2 1/2 cups all purpose flour
1 T yeast (one packet)
1/2 t salt
250 ml of milk (sorry for the metric, but I really had to use it)
about a half cup of Nutella

Add the sugar to the melted butter and let cool a bit. Beat in the eggs. In a seperate bowl, mix the flour, yeast, Add the milk and butter mix and stir until just mixed, leaving the batter lumpy.

Here is my advice. LET THE BATTER REST FOR 30 MINUTES. This gives it more loft than if you bake them right away. The yeast gets a chance to rise a bit. The original directions didn't recommend this, but I sure do. Blech.

Line a muffin tin with cupcake liners and fill 2/3 full with batter. Push about a teaspoon of nutella into the middle. 

Bake about 20 minutes at 350. 

If you make these and you have more success than I did, let me know your trick!

This is the original pic, not mine. I forgot my mobile at home so I couldn't take a pic before the teachers here ate them. But this is pretty accurate, except my nutella was just globbed in the middle.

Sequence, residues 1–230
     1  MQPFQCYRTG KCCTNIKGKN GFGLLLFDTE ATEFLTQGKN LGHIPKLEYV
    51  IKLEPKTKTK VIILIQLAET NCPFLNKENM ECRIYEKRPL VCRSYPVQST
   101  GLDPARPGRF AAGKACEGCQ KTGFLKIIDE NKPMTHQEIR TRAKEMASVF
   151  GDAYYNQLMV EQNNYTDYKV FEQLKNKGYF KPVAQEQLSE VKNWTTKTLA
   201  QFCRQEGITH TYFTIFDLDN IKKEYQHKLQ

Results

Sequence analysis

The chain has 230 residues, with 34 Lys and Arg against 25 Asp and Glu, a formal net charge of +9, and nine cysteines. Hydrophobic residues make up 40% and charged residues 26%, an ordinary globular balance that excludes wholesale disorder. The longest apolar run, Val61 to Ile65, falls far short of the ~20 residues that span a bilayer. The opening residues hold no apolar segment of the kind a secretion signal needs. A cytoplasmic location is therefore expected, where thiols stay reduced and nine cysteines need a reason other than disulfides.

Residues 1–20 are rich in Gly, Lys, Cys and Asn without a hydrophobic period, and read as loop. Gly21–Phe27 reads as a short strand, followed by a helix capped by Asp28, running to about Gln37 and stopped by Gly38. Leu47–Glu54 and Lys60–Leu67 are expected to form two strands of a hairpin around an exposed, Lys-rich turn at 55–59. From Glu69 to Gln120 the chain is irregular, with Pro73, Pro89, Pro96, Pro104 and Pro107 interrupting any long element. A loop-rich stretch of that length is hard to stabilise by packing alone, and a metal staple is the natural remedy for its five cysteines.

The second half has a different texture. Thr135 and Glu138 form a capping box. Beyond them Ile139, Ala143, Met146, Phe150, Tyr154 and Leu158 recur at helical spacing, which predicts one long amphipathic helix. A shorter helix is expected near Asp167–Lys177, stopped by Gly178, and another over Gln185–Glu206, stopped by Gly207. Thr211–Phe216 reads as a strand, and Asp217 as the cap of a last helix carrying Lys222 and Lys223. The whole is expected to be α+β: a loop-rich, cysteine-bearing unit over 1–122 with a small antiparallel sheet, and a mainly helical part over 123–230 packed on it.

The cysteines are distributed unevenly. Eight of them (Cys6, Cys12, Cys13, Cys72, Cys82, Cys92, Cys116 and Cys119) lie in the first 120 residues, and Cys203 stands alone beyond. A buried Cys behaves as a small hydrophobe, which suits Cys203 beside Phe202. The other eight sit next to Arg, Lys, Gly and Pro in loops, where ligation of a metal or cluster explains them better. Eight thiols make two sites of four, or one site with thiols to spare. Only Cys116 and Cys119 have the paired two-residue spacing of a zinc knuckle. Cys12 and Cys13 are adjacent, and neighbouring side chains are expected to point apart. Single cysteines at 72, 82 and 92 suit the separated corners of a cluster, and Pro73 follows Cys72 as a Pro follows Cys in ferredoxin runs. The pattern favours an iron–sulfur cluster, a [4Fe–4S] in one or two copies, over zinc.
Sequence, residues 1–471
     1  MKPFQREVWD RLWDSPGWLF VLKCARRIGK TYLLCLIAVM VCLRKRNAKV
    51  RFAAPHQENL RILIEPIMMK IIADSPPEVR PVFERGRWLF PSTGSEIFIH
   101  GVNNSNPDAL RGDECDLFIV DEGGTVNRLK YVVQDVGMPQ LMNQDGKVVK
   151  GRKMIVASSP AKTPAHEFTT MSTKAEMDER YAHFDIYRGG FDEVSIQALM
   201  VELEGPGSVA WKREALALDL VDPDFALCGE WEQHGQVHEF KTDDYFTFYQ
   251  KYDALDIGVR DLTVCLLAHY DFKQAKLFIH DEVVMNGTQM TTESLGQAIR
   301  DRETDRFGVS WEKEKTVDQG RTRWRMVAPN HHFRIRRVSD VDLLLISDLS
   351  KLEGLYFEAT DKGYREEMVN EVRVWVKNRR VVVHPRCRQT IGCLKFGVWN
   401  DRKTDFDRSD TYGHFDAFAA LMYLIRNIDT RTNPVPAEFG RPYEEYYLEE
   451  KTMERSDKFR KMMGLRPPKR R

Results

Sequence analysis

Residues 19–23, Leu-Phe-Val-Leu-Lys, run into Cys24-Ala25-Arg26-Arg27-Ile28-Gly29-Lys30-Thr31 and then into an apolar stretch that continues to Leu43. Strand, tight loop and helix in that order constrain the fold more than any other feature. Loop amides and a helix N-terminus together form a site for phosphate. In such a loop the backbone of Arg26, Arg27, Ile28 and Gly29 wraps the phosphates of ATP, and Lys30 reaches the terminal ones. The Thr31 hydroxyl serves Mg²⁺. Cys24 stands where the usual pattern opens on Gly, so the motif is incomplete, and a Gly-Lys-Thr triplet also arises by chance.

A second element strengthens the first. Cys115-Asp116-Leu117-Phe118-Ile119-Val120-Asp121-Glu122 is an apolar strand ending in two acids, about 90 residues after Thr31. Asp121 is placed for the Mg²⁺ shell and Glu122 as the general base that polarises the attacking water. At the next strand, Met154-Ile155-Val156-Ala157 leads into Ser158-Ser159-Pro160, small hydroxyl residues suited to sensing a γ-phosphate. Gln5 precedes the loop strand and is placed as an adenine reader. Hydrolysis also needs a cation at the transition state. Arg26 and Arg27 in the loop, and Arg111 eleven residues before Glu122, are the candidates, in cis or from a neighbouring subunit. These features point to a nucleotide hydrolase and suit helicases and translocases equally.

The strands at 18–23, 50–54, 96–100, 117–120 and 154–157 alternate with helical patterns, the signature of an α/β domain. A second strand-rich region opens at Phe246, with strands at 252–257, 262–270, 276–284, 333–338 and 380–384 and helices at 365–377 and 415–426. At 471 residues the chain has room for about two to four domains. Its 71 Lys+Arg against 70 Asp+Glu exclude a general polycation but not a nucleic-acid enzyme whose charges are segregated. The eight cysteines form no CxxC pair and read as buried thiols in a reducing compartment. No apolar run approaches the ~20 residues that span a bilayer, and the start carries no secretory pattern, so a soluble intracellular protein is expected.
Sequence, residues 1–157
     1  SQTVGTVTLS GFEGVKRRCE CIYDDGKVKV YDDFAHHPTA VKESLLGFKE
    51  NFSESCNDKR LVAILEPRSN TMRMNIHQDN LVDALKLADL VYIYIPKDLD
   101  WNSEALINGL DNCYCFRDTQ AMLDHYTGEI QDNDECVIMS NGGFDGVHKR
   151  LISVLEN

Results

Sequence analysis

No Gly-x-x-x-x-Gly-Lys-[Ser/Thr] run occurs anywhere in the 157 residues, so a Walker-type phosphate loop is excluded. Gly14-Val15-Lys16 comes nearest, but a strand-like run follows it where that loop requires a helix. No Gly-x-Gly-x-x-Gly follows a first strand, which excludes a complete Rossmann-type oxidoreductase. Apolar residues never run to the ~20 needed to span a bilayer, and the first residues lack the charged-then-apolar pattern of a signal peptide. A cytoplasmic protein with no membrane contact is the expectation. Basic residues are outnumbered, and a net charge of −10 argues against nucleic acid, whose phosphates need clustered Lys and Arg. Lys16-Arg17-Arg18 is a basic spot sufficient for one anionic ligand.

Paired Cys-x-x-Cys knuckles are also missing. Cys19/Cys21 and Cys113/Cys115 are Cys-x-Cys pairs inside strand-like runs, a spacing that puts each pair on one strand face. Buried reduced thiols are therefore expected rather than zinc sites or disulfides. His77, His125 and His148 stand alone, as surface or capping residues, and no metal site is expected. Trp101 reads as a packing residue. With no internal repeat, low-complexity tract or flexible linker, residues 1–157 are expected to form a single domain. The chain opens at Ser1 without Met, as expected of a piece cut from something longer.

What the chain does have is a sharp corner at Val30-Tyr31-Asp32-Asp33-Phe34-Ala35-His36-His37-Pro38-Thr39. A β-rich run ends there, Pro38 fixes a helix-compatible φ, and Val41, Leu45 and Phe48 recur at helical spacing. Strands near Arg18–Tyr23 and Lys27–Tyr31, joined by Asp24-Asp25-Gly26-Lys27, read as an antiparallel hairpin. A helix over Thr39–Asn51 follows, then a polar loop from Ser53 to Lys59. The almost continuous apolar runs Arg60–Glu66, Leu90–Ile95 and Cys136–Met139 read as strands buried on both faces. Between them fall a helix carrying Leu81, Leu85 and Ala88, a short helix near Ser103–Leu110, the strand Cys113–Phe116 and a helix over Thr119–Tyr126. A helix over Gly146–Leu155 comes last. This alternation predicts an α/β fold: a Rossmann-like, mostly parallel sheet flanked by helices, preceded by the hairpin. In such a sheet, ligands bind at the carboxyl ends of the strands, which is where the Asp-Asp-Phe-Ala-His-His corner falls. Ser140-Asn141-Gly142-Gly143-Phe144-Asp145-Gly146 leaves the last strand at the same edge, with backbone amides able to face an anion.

My cooking adventures continue, as does the experience of an inter-cultural marriage. Those of us brave enough to marry someone completely outside our realm of experience are a bit like pioneers eh? Crikey I should write a book someday!


Felicia El Aid

Tuesday, May 5, 2015

Bring on the Fast Food, Salalah!

Recently I was invited to a marketing event at New York Fries in the Salalah Garden Mall. It was my first blogger swag. (If anyone else wants to give me free stuff go ahead..no problem). This new locale is at the cinema and features hot dogs (gak in general) and fresh cut french fries with toppings.